Before the Patriots traded Jimmy Garoppolo to the 49ers, did New England offer Garoppolo a contract to try to get him to remain? ESPN’s ballyhooed story about the escalating tensions in New England says an offer was made. A longtime Patriots reporter says otherwise.
The story from Seth Wickersham of ESPN couldn’t state it more confidently: “The Patriots repeatedly offered Garoppolo four-year contract extensions, in the $17 million to $18 million range annually that would go higher if and when he succeeded Brady. Garoppolo and [Don Yee, the agent for Garoppolo and Tom Brady] rejected the offers out of hand, for reasons that remain unclear.”
But Tom Curran, who has covered the Patriots reliably for many years, also couldn’t state it more confidently: “The Patriots never extended a new contract offer to Garoppolo. No question they discussed it and spitballed about what it would look like — great pay as a backup escalating to starter money when Brady left — but the offer was never formalized. Why? Because it was clear Garoppolo wasn’t staying another year as a backup.”
What to make of those conflicting reports? For starters, Wickersham’s phrasing that Garoppolo rejected the Patriots’ offers, “for reasons that remain unclear,” is odd. Garoppolo’s reasons would seem to be crystal clear: He’d rather make $25 million to be a starter than $18 million to be a backup. Who wouldn’t?
Garoppolo knew the time was coming when he would either be traded to a team that saw him as its starting quarterback, or that he’d hit free agency, where the only way the Patriots could keep him would be to franchise him at more than $23 million, fully guaranteed, for the 2018 season. Then in 2019 the process would repeat, only this time the franchise tag would be $28 million fully guaranteed. Why would Garoppolo take $18 million a year to remain Brady’s backup when he knew that the Patriots would have to pay him a lot more than that to keep him? And why would he want to spend his prime years backing up Brady, who keeps saying he has no plans to retire, when he could go elsewhere and be a starter?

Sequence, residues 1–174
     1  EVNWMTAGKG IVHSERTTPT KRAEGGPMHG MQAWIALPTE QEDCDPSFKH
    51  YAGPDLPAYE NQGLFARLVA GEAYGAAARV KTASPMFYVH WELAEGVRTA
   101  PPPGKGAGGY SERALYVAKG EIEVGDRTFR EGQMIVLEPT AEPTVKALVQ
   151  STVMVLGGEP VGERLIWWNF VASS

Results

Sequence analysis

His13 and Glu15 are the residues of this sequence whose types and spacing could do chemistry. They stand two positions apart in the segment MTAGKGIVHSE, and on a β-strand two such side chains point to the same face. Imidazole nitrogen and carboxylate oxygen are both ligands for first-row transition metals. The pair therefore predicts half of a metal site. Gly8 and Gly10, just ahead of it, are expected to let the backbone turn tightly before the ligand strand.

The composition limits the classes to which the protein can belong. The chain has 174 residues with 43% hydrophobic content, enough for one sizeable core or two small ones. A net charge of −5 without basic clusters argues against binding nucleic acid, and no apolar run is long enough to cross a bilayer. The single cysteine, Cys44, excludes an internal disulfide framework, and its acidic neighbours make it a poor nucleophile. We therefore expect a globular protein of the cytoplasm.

Another important factor to consider in all this is that Yee represents both Garoppolo and Brady. Both of his clients are better off if they’re both starters than if they’re on the same team, where only one can start. It’s better for Brady that the first time he struggles next year there aren’t hot takes about how the 41-year-old is aging and it’s time to go to Garoppolo. And it’s better for Garoppolo that he’s a starter right now, not a guy just hoping to replace a legend some day. Yee would have been doing a bad job representing both of his clients if he had urged Garoppolo to sign a team-friendly deal to stay in New England.
In that light, the two reports might not conflict as much as it would initially seem. Either the Patriots didn’t offer Garoppolo a contract, or they offered him only a contract that he would obviously turn down, which isn’t much of an offer at all. There’s nothing unclear about that.